One song of particular significance is ‘Lover’, a track written when she still resided in Stockholm. It was when she met her partner, Zagor, that they somehow managed to find the right tone for the song at the right moment, and then instrumentalized it. Apparently, it was the first song that they have produced together. “Before that, I was just doing music by myself and didn’t really feel like at home in my own genre. When I met Zag, we kind of had the same vision and the same idea of what kind of music we wanted to make. It fits perfectly when you develop a sound together.”. Shaqdi has collaborated with a number of producers for her second EP ‘Daydreaming’, but Zagor remains at the helm of constructing her audio aesthetic. . “Also, it takes time for me to feel comfortable working with someone else,” she admits,  “because it’s always so personal when I write music.” It perhaps shouldn’t be surprising to hear the artist requires intimacy within her production team, as undoubtedly lends itself to her uniquely healing music.

Shaqdi is at her most inviting when she’s talking about her musical journey from Stockholm to London: “In Sweden, [the music industry] was very focused on making hit-oriented songs, lacking R&B and soul music. I know that there are a lot more emerging hip-hop artists now, but when I studied music production there, it was always very focused towards commercial music. It was not about finding your own style, making it harder to find like-minded people. London on the other hand, there is more diversity in genres within the music scene, which makes sense because it’s a bigger city and therefore a bigger variety.” While London allowed her personal and professional identity to flourish, her longing penchant for her home country remains. 

Listening to her first EP ‘Colorless’, released back in 2018, it’s easy to hear the creative seeds being sewn throughout, but it’s in ‘Daydreaming’ that these ideas truly flourish . “I feel like I need to change, to evolve and to try something new. The first and second EPs were quite similar in sound. We’ve been talking about using some more organic elements and live instruments, not just programming,” she explains. “You can’t just stay in one place and do the same kind of thing over and over again – you will get bored of it and people supporting it as well. So now we’re definitely trying to do something else, something a bit different from the other EPs.” She gushed with excitement  in reference to her next big project.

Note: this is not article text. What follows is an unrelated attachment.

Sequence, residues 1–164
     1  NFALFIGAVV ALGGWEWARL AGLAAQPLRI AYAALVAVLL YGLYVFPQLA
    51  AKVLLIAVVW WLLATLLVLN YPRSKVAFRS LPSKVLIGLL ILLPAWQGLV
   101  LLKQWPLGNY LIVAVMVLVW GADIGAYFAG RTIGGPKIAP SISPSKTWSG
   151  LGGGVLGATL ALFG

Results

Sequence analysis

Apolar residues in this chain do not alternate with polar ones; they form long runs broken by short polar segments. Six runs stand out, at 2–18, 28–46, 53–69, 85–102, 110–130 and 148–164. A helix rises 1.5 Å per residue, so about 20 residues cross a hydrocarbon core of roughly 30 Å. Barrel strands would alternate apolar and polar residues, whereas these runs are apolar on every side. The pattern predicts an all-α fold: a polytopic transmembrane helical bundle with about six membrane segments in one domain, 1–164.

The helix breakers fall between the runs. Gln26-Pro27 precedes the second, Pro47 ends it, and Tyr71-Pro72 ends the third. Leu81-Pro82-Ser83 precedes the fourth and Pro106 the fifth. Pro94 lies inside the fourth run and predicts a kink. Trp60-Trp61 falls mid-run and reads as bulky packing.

Shaqdi’s story is woven throughout each of her music videos to paint a sonic and visual journey. “I always think of visuals when I write a song, just as a music video. It’s also easy to picture it if you get stuck. Sometimes my ideas contain explosions in the background, so I need to tone it down a bit, but it still helps,” she replies while laughing. Always one to try new things, she even confessed that she had to learn how to roller-skate from scratch, for the sake of her ‘Obvious’ music video.

Not one to take things slow, Shadqi shares that she has started writing new songs. Overcoming the ‘bad’ period implied in her song ‘5 Days’, there’s no hiding her enthusiasm for making music:  “My plan is to make another EP, but as a more cohesive project, rather than dropping singles. At the end, I want to make a video for all the final songs.”

It’s OK to take your time and not change your personality or your style just because you think it’s going to fit into the popular music today.


When I asked her what advice she could give to her generation – those of us seeking courage for the brave new world full of unknowns that lie ahead – she smiled and teased: “Maybe I’m not in the position to give advice because I don’t see myself as super successful – yet.”, with a soft sparkle in her eyes, “But I think, it’s OK to take your time and not change your personality or your style just because you think it’s going to fit into the popular music today. At the end of the day, more successful people are the ones that try something completely new, and who don’t follow the trends. So, I would say take your time, stay true to yourself and then eventually, hopefully, it will go well.”